By now, I was pretty experienced in reading GIA reports as well as identifying any potential problems in a diamond. A GIA report actually contains a wealth of information if you know how to interpret the information correctly. With the dimensions (it should NOT look too big or too small for its carat weight), depth and table values for a heart shaped diamond, you can actually filter out the badly proportioned diamonds.
For a beginner, the best method to determine a diamond’s optics is via Idealscope/ASET images. Regardless of shopping in a local store or via the Internet, I strongly encourage you to utilize this information to help you make better decisions.
After spending half a day of browsing through inventories, I came across a diamond that was a potential choice at B2CJewels.com. This time around, I would not make the same mistake twice. I called in immediately and made enquires for the stone. B2CJewels answered my questions with satisfactory responses and the support staff also gave some useful tips on selecting a ring design.
Update Oct 2018*: B2CJewels is no longer a jeweler I would recommend in good faith given the deteriorating customer service and lousy shopping experiences many readers have.
Like many other Internet based diamond dealers, B2CJewels provides a virtual listing of their inventory and they do not list additional details beyond a lab report on their website. In my opinion, the minimum pre-requisite for any online purchase has to be a magnified image/video of the diamond.
Hoping that B2CJewels doesn’t work the way Blue Nile does, I asked the support staff to provide me with those details. Within an hour’s time of contacting their supplier, Kenny (the support staff that I talked to) got back to me with a photograph of the stone via email. (Blue Nile, did you see that? It isn’t that difficult after all.)
On this note, an ASET image of the diamond was requested as well. Unfortunately, the supplier didn’t have the necessary equipment to capture the image and wasn’t able to provide this information. The next best thing to do was to make a request for the diamond’s brilliance to be reviewed physically by the supplier.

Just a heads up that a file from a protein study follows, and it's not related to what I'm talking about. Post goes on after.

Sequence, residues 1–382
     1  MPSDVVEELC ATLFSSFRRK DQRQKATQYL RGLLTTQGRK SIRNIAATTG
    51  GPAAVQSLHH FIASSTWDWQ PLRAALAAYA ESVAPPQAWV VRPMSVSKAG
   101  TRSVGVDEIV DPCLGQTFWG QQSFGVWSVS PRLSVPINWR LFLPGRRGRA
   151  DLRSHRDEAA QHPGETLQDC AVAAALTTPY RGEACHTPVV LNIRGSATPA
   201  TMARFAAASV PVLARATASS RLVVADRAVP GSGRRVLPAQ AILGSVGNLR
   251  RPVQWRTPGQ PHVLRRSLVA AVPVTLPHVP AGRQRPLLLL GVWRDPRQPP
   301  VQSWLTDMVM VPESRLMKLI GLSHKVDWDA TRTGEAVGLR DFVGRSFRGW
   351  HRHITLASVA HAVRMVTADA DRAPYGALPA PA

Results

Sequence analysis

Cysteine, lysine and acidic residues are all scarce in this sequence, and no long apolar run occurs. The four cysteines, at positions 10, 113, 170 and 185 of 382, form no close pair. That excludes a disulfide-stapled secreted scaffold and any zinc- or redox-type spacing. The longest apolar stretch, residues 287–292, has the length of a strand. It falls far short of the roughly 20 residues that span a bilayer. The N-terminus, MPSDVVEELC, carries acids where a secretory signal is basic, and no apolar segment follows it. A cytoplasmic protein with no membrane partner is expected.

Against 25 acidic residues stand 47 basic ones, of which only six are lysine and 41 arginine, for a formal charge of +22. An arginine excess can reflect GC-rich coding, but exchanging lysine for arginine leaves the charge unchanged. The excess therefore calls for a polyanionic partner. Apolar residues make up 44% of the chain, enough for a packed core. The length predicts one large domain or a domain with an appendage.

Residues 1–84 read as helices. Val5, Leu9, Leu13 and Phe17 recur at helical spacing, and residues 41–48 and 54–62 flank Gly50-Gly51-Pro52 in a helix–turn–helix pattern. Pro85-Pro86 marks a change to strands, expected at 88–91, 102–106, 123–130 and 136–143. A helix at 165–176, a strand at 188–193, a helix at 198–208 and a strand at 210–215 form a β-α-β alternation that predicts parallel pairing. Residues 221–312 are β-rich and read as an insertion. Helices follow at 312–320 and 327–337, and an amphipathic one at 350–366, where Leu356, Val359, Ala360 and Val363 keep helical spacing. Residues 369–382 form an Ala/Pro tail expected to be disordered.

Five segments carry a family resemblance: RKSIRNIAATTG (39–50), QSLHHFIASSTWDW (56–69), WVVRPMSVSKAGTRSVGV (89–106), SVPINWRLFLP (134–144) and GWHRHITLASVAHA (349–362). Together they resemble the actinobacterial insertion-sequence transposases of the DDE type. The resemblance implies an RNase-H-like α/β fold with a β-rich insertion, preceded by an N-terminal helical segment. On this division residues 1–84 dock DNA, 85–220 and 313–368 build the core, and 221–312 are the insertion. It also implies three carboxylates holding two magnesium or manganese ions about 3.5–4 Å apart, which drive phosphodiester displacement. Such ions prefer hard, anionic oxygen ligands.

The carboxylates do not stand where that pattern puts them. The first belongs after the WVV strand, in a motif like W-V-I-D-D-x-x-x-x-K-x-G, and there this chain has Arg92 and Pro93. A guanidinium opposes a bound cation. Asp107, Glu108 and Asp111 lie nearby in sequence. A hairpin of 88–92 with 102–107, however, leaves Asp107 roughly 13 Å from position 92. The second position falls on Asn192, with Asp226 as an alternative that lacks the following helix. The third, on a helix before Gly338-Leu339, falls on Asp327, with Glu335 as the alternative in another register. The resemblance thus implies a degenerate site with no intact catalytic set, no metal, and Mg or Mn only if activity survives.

For the record, I wouldn’t have gone along with purchasing this stone without the ASET information had there not been the lack of other alternatives.
It’s a lovely well cut heart shaped diamond with very good symmetry.
The GIA report checked out as well: https://www.gia.edu/reportcheck/
Having seen and compared a number of heart shaped diamonds (using photographs against ASET), I knew this diamond was one that had potentially good performance. This time round, I got Kenny to reserve the stone for me by placing it on hold. Thereafter, I went on to do further research on B2CJewels to verify that they are a legitimate company.
At the same time, I continued to widen my search for other diamond options that could be available. To cut a long story short, I finally went back to B2CJewels as they still had the best diamond choice.
For the ring setting, I chose a delicate pave design with a thin shank width of 1.6mm. This thin shank was chosen on purpose as it would make the diamond appear larger than it is. The other benefit of a thin shank is that the finger won’t look too bulky when a wedding band is worn together with the engagement ring.